Interest Rate Loophole

If a student consolidates their loans before they enter repayment, the interest rate used is the lower in-school interest rate. Thus, although the rounding up of the weighted average can potentially cost the student as much as 0.13%, a student who consolidates before entering repayment can save as much as 0.6%, a substantial net savings. (The in-school interest rate is 1.7% plus the 91-day treasury bill rate from the last auction in May. During repayment, the interest rate is the 91-day T-bill rate plus 2.3%.) This loophole has been confirmed by an excerpt from the Federal Register and direct correspondence with the US Department of Education. Additional details can be found in the interest rate loophole section.

Thus students with loans from the Direct Loan program should consolidate during the in-school or grace periods to lock in a lower interest rate. Students with federal student loans from a bank or other financial institution should consolidate during the grace period to lock in a lower interest rate. (Note that the early repayment status FFELP consolidation loophole allows continuing students with FFELP loans to lock in the in-school interest rate by having the loans put into an in-school deferment after requesting early repayment status.)

Grace Period Loophole

Although students who request early repayment status to consolidate their loans lose the remainder of their grace period, graduating students who consolidate normally during the grace period may be able to retain their entire grace period. If the lender delays disbursing the consolidation loan until the end of the grace period, the student gets the benefit of the grace period and is also able to lock in current interest rates, even if their grace period ends after July 1. This is because US Department of Education guidance has indicated that lenders can choose the interest rate in effect when the lender received the student’s consolidation application and when the lender disbursed the loan, whichever is lower. (The Department’s guidance is based on ambiguity in the Higher Education Act regarding whether the interest rate on a consolidation loan is based on the interest rates in effect when the borrower applies for the consolidation loan or when the lender disburses the consolidation loan. The repayment obligation begins within 60 days of the disbursement of the consolidation loan, per 428C(c)(4).) If the student submits the consolidation application before July 1, and the lender disburses the payoff amounts to the current holders of the student’s loans at the end of the grace period, the student gets to lock in pre-July 1 interest rates and also retain the remainder of their grace period.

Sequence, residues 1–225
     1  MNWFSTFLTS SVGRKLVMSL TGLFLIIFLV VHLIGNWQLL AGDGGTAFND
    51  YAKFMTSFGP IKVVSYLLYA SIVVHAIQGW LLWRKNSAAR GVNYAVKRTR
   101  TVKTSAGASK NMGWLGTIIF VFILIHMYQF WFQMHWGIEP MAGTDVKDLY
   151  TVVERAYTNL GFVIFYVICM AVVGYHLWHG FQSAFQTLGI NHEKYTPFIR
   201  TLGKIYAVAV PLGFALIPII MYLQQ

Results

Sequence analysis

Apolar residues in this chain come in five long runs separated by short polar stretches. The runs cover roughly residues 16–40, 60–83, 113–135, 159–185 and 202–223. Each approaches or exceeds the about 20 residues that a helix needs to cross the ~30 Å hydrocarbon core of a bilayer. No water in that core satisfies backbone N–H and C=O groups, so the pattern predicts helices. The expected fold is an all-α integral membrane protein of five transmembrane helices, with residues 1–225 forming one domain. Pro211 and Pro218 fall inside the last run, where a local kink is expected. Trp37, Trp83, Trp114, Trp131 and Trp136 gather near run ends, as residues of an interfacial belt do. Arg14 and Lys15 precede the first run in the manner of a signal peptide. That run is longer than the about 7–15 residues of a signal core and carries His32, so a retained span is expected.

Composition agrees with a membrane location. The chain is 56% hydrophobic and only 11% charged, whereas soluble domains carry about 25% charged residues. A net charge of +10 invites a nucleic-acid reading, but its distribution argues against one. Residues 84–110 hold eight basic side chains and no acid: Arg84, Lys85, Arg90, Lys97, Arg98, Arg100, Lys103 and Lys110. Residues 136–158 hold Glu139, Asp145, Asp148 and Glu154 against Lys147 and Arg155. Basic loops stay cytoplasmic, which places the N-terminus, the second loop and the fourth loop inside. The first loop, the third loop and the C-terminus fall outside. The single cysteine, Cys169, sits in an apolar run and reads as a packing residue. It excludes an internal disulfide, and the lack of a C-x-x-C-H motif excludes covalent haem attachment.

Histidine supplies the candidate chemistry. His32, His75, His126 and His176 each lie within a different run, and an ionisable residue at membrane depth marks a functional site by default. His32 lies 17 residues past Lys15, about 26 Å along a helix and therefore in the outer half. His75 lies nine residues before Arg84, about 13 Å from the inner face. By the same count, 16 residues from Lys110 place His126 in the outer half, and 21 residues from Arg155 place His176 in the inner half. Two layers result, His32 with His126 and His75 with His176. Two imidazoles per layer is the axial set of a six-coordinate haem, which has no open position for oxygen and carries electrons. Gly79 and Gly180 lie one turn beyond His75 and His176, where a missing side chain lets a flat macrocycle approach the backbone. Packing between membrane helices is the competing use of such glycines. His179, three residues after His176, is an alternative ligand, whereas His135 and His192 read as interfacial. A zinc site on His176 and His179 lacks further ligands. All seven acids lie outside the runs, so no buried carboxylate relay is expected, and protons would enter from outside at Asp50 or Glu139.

Single Holder Rule Loopholes

The single holder rule is an anticompetitive rule that limits a student’s choice of lenders for consolidation. If all of a student’s FFELP loans are with a single lender, they must consolidate with that lender. If the student has FFELP loans with more than one lender, they can choose to consolidate their loans with any lender.

There are, however, a variety of loopholes that allow a student to bypass the single holder rule. There are also several loopholes that might allow a continuing student to consolidate their loans while still in school even if their lender does not cooperate in granting early repayment status to their loans. These single holder and early repayment status loopholes include certifying the inability to obtain (acceptable) income-sensitive repayment terms, consolidating with the Federal Direct Consolidation Loan Program, obtaining a Stafford Loan from a different lender, consolidating a Perkins Loan into a FFELP consolidation loan (or obtaining early repayment status on a Perkins Loan to qualify as an eligible borrower), and a married couple jointly consolidating their loans. Several of these loopholes have not yet been confirmed as valid by the US Department of education.

Benefits and Caveats

Thus, the key benefits of a consolidation loan include the following:

* Replacing payments on multiple loans with a single payment on the consolidation loan.
* Access to alternate repayment plans, such as extended repayment, graduated repayment, and income contingent repayment. Although these plans may be available to unconsolidated loans, the term of an extended repayment plan depends on the balance of the loan, which is higher on a consolidation loan.
* The ability to lock in the interest rate, including the ability to lock in the lower in-school interest rate during the grace period.

There are, however, a few drawbacks to consolidation: